Abstract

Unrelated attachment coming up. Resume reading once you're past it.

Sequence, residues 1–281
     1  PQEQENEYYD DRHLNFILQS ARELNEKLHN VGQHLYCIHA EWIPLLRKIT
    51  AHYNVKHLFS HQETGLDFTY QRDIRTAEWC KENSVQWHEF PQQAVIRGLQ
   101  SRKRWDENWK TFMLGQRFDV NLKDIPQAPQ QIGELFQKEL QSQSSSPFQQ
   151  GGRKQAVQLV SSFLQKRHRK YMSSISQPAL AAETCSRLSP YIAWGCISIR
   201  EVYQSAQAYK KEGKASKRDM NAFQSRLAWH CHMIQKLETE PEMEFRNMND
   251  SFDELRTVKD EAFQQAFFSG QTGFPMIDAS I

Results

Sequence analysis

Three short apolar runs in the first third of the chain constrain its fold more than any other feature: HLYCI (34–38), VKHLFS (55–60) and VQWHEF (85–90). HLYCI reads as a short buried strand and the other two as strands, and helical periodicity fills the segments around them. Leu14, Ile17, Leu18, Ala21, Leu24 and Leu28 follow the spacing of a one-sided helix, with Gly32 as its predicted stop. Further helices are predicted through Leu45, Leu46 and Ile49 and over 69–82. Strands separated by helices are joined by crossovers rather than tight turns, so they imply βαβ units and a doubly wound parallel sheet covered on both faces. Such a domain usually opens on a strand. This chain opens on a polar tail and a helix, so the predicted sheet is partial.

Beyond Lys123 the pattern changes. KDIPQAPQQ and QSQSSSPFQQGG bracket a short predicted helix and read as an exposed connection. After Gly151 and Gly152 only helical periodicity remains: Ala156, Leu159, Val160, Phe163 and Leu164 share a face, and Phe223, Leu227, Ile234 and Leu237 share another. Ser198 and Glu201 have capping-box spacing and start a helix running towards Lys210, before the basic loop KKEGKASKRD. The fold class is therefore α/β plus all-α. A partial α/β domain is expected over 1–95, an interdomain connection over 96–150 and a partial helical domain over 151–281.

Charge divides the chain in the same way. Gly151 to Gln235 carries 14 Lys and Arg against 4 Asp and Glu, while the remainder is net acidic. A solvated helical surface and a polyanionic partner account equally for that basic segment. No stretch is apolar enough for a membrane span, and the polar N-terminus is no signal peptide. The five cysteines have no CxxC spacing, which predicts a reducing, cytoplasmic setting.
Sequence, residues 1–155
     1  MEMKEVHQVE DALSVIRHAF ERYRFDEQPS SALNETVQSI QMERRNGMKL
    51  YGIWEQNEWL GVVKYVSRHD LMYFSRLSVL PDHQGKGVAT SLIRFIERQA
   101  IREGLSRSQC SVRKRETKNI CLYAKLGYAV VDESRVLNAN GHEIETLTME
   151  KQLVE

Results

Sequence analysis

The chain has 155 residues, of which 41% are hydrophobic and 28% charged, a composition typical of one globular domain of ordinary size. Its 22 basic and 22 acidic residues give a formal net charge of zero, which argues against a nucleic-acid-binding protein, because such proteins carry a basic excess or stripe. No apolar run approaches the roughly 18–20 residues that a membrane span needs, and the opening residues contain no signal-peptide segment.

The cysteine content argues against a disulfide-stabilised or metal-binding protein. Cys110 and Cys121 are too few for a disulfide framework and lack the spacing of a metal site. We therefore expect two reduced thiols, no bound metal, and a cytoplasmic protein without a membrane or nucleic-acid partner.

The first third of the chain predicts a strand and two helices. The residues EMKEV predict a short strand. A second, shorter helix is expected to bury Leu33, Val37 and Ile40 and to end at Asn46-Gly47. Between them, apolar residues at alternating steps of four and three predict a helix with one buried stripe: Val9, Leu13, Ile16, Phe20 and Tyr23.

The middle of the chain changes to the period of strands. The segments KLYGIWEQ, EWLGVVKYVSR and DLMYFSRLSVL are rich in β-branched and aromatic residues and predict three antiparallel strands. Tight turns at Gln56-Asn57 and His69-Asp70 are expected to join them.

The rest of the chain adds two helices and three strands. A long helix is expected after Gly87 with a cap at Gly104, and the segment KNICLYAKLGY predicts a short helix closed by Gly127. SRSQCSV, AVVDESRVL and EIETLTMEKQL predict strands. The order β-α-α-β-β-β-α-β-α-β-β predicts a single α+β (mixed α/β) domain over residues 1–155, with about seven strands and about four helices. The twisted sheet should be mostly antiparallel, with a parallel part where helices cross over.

A combined inversion of body wave receiver functions and Rayleigh wave phase velocities using a niching genetic algorithm (NGA) increases the uniqueness of the solution over separate inversions and also facilitates explicit parameterization of layer thickness in the model space. This parameterization requires fewer layers and a priori constraints for modeling more complex structures than traditional linearized inversion. NGAs solve for a suite of locally optimal solutions in addition to isolating the globally optimal solution by using an evolutionary paradigm. This nonlinear examination of the error space provides an opportunity to examine trade-off within the model space. The method, when applied to synthetic data, locates interfaces within 2 km of the test structure and identifies appropriate structure and velocity. Applying this method to data from a deployment of five broadband stations in Chilean Patagonia yields a regional model of crustal structure that is consistent with the geological history of the region. Sediment thickness is inversely proportional to crustal thickness, with sediment thicknesses reaching more than 4 km, where the crustal thickness thins to 28 km. This is consistent with previous geological studies, which suggests that the Rocas Verdes basin in western Patagonia formed by crustal thinning, isostatic compensation, and subsequent sedimentation.

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